LUBBOCK, recently obtained records from the investigation of a deadly airplane crash — a flight that took off from Lubbock Preston Smith International Airport and ended in Thomson, Georgia. The records revealed details from the flight including the two pilots’ final words before the crash.

On October 5, 2021, Raymond Bachman, 73, of Fountain Hills, Arizona, and Claude Duchesne, 63, of El Paso, lost their life in a cargo plane crash after they took off from Lubbock Preston Smith International Airport.

The two took off from Lubbock at about 2:00 a.m. and went missing at about 5:45 a.m. The plane was found crashed near Thomson, Georgia. The plane was in sight of the airport when it crashed.

The voice cockpit recorder from the plane was recovered from the wreckage of the crash. The transcripts from the recorder showed that at around 5:17 a.m., Bachman, the captain stated “there’s gonna be lighting all around us.”

Bachman gave altitude control instructions to Duchesne, the first officer. Duchesne made a radio call that included the word “approach,” but the whole phrase was unintelligible due to the poor quality of the voice recording.

Bachman became upset with Duchesne for the way he was flying the plane through the storm. Bachman said they were “descending like an escalator.” At around 5:19 a.m., Bachman asked Duchesne if he had flown in bad weather before and then made multiple raised voice statements related to the way Duchesne was flying.

The recording picked up an argumentative conversation between the captain and the first officer. The captain told the Duchesne “you fly the damn airplane. I don’t want you to kill me.”

Another conversation was heard that was consistent with running a descent checklist. Bachman later said, “descent checklist complete.”

At 5:43 a.m. the captain told Duchesne “you’re way high.” Duchesne answered, “no I’m not.”

Bachman told the first officer at 5:44 a.m. “now you’re low,” and “you got trees.”

A second later, the recording played the initial sound of the impact of the plane hitting the ground.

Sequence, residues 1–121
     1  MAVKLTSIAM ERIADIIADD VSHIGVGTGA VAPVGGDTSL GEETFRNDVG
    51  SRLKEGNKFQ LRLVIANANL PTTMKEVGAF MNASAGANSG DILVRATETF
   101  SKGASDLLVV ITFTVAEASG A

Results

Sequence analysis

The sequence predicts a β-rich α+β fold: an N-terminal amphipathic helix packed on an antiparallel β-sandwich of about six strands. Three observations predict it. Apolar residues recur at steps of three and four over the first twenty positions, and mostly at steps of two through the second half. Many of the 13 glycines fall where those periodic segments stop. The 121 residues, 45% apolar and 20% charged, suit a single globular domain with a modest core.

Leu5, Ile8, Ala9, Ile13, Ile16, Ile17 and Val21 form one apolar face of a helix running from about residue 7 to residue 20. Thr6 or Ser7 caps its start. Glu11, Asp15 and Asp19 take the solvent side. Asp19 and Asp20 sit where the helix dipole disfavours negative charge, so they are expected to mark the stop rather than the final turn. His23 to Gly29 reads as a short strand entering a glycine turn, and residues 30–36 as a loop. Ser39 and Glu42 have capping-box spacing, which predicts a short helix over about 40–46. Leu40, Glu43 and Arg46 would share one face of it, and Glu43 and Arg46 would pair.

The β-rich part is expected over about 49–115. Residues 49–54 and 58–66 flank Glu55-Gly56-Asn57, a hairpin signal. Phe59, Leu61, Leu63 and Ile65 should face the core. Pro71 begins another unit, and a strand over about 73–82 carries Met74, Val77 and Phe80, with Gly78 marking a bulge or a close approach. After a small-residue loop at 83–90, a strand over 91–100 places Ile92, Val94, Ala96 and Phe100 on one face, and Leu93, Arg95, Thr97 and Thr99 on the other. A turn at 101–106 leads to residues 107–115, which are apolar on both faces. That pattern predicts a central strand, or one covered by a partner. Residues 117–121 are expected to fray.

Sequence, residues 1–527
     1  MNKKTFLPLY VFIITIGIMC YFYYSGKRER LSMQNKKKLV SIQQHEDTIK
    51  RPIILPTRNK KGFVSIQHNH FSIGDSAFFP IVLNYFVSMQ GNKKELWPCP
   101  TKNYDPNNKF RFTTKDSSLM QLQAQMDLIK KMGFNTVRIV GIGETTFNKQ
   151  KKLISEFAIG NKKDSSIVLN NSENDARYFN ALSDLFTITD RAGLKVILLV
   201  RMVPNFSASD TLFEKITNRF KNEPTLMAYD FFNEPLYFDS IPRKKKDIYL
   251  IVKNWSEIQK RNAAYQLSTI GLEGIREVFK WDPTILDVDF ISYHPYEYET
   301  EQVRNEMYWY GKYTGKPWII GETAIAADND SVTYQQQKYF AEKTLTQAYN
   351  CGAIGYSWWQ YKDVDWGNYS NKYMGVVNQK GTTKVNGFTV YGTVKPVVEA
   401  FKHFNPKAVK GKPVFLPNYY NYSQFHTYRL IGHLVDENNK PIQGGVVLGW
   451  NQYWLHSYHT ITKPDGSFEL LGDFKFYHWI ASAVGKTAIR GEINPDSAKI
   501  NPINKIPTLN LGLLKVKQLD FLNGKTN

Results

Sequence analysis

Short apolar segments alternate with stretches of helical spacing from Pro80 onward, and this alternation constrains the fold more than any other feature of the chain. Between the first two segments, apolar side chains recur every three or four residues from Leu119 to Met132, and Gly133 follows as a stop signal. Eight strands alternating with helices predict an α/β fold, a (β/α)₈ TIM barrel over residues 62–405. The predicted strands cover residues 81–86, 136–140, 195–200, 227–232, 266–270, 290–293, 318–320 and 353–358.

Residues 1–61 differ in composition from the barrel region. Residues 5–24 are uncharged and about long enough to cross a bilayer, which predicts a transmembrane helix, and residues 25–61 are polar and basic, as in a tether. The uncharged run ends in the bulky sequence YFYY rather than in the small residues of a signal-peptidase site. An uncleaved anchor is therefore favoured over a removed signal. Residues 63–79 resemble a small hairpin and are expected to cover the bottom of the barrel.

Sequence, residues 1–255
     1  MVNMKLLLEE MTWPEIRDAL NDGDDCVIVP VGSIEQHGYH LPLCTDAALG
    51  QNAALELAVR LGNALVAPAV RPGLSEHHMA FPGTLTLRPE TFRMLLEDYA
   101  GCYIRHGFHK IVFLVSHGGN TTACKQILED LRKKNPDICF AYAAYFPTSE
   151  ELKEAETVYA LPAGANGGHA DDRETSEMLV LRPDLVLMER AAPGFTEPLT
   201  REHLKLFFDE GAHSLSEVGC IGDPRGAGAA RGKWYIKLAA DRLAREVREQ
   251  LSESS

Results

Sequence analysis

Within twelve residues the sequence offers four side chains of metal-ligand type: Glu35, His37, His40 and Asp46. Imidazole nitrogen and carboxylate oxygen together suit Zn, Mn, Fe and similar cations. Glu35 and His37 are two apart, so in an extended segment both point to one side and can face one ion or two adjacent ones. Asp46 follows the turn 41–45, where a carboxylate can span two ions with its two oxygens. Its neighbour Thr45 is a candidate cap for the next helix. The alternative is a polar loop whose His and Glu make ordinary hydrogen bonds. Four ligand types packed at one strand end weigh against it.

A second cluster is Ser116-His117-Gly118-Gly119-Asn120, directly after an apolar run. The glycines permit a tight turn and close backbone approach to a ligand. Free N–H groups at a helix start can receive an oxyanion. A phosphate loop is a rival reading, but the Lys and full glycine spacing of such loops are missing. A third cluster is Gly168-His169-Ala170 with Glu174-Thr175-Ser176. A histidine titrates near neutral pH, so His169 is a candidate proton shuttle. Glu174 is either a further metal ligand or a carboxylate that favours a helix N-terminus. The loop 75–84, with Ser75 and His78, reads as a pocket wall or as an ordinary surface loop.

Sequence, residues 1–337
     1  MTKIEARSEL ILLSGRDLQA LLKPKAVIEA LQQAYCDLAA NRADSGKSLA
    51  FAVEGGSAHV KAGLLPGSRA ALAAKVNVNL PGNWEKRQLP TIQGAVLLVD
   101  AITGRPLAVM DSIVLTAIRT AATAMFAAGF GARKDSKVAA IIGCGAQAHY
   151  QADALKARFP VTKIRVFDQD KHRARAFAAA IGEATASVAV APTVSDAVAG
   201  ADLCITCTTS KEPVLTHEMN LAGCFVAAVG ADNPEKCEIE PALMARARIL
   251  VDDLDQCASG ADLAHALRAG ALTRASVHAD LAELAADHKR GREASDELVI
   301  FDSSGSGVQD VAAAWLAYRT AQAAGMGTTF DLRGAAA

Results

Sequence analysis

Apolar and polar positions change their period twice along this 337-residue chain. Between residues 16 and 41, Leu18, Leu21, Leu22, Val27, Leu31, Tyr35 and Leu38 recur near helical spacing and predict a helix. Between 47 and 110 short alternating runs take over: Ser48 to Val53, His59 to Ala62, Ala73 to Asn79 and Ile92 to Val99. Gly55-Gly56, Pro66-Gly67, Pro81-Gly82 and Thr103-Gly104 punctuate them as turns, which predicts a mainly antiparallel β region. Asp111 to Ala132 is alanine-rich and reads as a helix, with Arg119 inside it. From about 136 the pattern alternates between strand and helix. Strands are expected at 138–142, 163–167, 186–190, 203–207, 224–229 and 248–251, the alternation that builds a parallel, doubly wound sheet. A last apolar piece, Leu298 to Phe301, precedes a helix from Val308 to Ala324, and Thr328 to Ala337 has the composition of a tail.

A record of conversation was shown between Bachman and his wife, Elma Bachman on the night of the crash. Elma said Bachman was not expecting to fly later in the evening.

Bachman sent a text to Elma at 8:00 p.m. Arizona time that said “all-nighter to Georgia.” Elma asked Bachman if he had gotten enough sleep and he responded that he did. Elma said that Bachman is very conscientious about getting proper rest.

Overnight, Bachman sent her another text explaining they were close to their destination and they had to fly through thunderstorms and icing conditions on their trip.

Elma said Bachman and his first officer, Duchesne had a “very good relationship” and he really enjoying flying with him.

An additional record of a conversation between first officer Duchesne and a long-time friend of his, Gloria Rey was included in the aviation investigation. Duchesne asked Rey to “please pray for me” before takeoff. He sent her another text during the flight and said “going into a storm” and “please pray for me” again.

Rey said Duchesne was confident in his abilities to drive through storms.

Surveillance footage showed the plane attempting to land at the Thomson airport. At 5:41 a.m. the plane became visible to the outdoor cameras of the airport. The landing light of the plane started flickering at 5:44 a.m. Just a couple of seconds later the plane was no longer in the camera’s view, no explosion or glow of fire was seen.

The flight dispatcher for the plane told the captain that if the “runway is soaked” at the Thomson airport or if the weather was bad “for any reason” to divert to Augusta. After the accident, the flight follower saw several notices to the airman for the instrument landing system at the Thomson airport, but he was not aware of any prior to the flight.

The flight follower was not aware and did not hear the crew say they were tired at any point on the flight.

After the crew on the plane failed to check in with the flight follower after the expected arrival time, he called flight service to inquire about the flight’s whereabouts.

The records show that the crew did not send out an emergency signal or call for help prior to the crash.

The accident report said the aircraft was destroyed on impact.